FFA Sweetheart

Marrion Ore, Staff Writer

The National FFA Organization, which used to stand for Future Farmers of America, started in 1928 and only boys under 18 were permitted to join. Finally in 1965, young women were allowed to join FFA.  But, some may be surprised that women played a role in FFA way before they were ever allowed to join.

As early as 1939, FFA chapters around the nation would select certain girls (much like homecoming court) and vote for the Chapter Sweetheart by secret ballots. The winner of the contest often received honorary association with the FFA and was welcomed to special duties like riding in parades and helping entertain during National FFA Week.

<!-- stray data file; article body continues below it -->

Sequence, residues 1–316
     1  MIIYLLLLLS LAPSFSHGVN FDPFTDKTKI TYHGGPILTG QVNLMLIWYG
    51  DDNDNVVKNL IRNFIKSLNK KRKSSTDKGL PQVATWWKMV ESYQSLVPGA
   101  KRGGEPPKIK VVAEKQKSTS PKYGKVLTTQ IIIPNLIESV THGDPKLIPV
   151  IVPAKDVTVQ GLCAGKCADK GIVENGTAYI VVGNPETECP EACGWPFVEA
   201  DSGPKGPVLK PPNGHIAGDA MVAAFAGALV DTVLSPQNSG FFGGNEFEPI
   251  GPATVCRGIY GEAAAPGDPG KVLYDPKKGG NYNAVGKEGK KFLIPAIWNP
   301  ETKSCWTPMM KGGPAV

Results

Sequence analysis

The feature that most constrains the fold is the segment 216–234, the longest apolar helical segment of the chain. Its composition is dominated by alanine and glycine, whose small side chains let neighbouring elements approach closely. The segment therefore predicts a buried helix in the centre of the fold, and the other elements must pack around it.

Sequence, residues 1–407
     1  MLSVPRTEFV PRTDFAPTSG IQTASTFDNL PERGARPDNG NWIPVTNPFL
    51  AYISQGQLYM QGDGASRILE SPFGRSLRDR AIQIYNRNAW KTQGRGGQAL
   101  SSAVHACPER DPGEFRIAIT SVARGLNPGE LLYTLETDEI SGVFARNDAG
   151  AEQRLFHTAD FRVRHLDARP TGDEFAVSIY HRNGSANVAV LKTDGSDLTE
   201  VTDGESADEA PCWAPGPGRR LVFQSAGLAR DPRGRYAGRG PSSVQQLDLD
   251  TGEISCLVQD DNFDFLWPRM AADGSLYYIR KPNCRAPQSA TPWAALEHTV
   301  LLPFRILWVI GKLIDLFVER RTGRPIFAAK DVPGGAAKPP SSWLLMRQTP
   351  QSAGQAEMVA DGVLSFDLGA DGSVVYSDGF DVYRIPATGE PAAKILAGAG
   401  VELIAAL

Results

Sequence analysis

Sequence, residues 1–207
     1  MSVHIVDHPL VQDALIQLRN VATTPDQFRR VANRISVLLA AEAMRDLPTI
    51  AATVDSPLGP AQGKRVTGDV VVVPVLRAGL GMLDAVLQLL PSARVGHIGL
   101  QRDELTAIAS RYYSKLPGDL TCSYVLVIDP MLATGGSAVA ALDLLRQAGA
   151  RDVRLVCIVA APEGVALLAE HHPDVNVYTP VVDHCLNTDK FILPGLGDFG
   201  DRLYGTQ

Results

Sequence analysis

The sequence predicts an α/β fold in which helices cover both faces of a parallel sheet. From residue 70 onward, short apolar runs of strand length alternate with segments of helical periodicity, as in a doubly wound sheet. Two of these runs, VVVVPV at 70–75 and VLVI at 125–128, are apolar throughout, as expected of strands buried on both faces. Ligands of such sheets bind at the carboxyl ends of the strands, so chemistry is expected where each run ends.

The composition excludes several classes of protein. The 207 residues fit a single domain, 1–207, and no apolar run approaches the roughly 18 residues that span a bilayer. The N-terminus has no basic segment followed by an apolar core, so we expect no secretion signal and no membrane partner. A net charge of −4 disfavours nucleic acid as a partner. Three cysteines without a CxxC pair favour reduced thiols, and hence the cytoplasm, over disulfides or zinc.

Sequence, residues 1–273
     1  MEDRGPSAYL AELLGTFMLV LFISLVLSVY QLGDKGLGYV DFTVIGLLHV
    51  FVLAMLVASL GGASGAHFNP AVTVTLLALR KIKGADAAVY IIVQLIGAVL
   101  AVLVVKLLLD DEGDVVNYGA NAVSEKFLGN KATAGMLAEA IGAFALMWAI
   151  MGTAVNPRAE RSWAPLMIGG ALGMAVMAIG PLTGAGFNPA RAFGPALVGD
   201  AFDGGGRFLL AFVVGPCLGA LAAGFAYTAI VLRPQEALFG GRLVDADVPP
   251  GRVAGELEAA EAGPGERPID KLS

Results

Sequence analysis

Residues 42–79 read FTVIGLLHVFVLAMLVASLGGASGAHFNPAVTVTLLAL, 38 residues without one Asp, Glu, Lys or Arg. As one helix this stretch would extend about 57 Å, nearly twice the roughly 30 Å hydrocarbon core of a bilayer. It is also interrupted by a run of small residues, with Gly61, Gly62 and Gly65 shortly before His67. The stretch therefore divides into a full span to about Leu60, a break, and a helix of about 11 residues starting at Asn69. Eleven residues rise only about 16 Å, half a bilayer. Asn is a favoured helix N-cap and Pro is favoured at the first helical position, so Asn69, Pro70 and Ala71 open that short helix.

In the spring of 1949, the Supply Service Catalog announced that FFA was were officially carrying a special jacket for FFA Sweethearts. They jackets cost was $6.50, but it was a meager price to  pay for such an honor considering women  could not be granted membership. The jackets were white corduroy, with a small FFA emblem and “Chapter Sweetheart” embroidered in corn gold underneath. For .30 cents more, the lucky girl could have her name stitched underneath.

The special white jacket continued to be in catalogs until 1992, when National FFA Delegates voted to discontinue the tradition. Many chapters, like Jacksonville, choose  to still hold a vote for Chapter Beau and Sweetheart in honor of the tradition. While we can no longer award the jacket, 2013’s Chapter Sweetheart, Morgan Lonergan, says that she loved holding the title and can’t wait to honor the next Sweetheart this coming spring.